Just when you thought you might have heard the last of them, MageCart have appeared in the news again this week following another data breach. This time it’s popular US retailer, Macy’s, that were on the receiving end of this malicious attack, affecting the payment details of their online customers.
Compromised information included customers’ first and last names, addresses, phone numbers, email addresses and sensitive payment card information (including the security / CVV code). It is not yet known how many people were affected by the breach, but an analysis by SimilarWeb of U.S. retail site rankings, cited Macys.com as number one with more than 55.7 million monthly visits throughout April. Macy’s have stated they are taking the relevant steps to provide help for customers, and ensure appropriate measures are implemented so it does not happen again.
In a data breach notice Macy’s sent out to customers, they said:
“We are aware of a highly sophisticated and targeted data security incident related to macys.com that affected a small number of customers during a one-week period in October. Affected customers have been notified and will receive additional information, including instructions on how to enrol in consumer protection services at no cost”.
MageCart have become prominent players in the hacking community throughout 2018 and 2019, impacting many high-end brands such as FILA, Ticketmaster, Forbes, British Airways and Newegg. Security specialists have argued that measures to prevent such attacks are not what they should be, and organisations that customers trust with their valuable data, should be doing more to deter hackers.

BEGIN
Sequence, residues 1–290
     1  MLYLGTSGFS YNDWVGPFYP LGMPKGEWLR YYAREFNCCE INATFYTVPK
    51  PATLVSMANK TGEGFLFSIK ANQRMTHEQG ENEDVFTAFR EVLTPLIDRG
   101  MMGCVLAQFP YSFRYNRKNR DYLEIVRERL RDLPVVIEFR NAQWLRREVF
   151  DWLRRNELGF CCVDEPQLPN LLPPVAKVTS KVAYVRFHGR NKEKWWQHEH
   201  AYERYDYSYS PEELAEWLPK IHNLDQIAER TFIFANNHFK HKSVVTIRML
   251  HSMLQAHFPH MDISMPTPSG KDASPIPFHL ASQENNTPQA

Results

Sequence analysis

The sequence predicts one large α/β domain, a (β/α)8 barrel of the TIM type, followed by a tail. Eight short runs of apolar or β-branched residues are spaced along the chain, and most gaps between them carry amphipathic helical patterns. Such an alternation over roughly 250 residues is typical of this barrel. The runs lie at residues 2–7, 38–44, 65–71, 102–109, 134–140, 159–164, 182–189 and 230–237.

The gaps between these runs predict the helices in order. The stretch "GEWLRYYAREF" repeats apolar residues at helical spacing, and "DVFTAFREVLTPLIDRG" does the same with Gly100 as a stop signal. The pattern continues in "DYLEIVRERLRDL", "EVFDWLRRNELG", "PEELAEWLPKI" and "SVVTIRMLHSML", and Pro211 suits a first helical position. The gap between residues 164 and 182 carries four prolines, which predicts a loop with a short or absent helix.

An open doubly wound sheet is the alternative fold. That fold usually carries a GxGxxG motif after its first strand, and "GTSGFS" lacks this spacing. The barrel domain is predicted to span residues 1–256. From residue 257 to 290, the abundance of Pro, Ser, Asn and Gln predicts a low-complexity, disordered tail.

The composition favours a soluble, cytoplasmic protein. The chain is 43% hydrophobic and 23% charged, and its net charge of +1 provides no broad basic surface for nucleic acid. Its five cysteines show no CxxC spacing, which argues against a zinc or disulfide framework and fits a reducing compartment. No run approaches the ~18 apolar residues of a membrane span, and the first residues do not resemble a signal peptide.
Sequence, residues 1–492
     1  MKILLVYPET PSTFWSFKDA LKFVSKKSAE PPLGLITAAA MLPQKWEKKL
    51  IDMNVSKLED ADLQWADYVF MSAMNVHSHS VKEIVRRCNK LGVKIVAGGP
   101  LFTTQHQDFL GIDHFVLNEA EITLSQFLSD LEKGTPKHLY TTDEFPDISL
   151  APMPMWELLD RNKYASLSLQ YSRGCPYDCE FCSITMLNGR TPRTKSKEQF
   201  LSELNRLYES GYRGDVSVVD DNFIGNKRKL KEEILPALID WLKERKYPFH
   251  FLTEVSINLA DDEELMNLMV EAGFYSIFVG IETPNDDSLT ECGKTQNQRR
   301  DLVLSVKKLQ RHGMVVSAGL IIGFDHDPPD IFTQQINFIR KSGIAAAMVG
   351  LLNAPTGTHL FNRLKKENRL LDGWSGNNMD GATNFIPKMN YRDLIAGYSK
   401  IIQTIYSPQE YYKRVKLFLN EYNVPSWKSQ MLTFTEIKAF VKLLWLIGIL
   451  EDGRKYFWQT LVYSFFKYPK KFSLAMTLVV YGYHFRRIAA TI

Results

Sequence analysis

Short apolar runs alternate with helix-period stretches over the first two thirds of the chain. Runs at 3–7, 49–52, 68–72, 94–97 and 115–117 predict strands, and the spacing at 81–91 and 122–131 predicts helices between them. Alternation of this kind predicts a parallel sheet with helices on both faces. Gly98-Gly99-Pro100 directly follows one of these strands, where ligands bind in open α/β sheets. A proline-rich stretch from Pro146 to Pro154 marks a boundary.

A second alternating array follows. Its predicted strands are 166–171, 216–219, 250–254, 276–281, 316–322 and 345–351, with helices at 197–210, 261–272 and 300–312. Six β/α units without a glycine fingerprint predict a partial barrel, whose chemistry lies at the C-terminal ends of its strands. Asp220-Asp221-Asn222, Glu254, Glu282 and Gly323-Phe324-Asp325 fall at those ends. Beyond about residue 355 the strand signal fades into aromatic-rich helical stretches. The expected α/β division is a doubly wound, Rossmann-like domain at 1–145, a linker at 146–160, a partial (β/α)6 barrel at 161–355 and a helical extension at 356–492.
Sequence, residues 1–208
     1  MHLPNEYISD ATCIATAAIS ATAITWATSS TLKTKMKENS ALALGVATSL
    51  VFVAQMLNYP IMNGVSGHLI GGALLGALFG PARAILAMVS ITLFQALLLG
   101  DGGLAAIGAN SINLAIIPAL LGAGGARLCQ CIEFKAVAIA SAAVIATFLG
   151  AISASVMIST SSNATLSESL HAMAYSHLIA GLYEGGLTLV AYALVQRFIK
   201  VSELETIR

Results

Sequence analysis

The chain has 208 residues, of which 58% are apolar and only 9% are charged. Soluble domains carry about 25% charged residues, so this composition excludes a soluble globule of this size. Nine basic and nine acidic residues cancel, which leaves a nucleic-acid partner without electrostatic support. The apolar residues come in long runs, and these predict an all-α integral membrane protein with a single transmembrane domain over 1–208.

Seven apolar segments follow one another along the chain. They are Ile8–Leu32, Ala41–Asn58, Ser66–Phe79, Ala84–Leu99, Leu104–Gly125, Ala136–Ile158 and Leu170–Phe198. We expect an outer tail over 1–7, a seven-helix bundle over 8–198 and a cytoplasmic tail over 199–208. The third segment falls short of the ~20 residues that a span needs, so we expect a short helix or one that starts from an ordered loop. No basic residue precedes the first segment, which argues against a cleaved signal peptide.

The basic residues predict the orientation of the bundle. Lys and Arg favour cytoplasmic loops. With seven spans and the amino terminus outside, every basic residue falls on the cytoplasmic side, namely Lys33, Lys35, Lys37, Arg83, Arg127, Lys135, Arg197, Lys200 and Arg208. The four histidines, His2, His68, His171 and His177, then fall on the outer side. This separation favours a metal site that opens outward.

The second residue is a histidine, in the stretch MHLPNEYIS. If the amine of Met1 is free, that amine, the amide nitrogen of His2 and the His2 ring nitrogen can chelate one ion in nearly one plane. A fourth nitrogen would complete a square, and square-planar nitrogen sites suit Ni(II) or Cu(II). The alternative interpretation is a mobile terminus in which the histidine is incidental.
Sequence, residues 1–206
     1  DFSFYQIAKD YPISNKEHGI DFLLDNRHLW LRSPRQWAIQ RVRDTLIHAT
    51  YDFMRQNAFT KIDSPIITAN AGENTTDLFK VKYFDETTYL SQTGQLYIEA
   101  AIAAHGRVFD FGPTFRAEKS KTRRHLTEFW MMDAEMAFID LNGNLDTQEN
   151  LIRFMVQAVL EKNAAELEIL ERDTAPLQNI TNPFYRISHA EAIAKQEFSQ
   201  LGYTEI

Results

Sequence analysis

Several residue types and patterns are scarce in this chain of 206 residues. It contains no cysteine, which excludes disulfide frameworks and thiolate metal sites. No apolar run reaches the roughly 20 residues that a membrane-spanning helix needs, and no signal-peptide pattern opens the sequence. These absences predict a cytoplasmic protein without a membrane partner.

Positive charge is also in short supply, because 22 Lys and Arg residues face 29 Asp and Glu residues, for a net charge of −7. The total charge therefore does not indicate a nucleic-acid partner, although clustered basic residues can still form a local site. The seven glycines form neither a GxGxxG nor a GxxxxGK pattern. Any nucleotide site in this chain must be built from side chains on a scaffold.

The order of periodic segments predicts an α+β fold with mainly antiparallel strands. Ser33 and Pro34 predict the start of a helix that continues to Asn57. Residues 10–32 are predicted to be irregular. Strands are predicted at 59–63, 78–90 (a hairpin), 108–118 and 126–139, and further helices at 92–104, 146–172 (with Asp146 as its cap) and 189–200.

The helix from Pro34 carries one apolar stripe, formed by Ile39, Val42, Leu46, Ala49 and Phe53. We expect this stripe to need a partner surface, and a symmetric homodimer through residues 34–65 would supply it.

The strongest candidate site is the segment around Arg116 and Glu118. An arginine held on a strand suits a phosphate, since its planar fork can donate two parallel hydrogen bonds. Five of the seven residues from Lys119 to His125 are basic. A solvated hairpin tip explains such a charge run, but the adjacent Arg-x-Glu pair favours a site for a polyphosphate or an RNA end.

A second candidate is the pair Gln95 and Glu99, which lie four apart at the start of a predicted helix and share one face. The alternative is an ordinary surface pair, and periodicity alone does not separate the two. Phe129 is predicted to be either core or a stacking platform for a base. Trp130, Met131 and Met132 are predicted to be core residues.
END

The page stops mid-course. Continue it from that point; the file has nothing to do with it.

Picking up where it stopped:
Colin Bastable, CEO of Lucy Security, said:
“MageCart is not a mystery, by now, one might think that ‘additional security measures’ would be added to all websites as a matter of course, before hackers drop in some malicious code. That is the definition of a precaution. Macy’s has implemented what should be described as a security post caution”.
In order to minimise the risks and impact of a breach, such as MageCart, there are solutions organisations can implement. It’s imperative that businesses evaluate the security of their entire network for taking payments, ensuring that their customers data is safeguarded. PCI compliance throughout their applications, systems and services is crucial when it comes to reducing the threat of malicious cyber-attacks.
By working with a third-party payment solutions provider, such as Key IVR, organisations are able to take the worry of malicious online attacks away from their own environment. Sensitive payment data can be taken “out of scope”, becoming an effective way of avoiding this form of attack.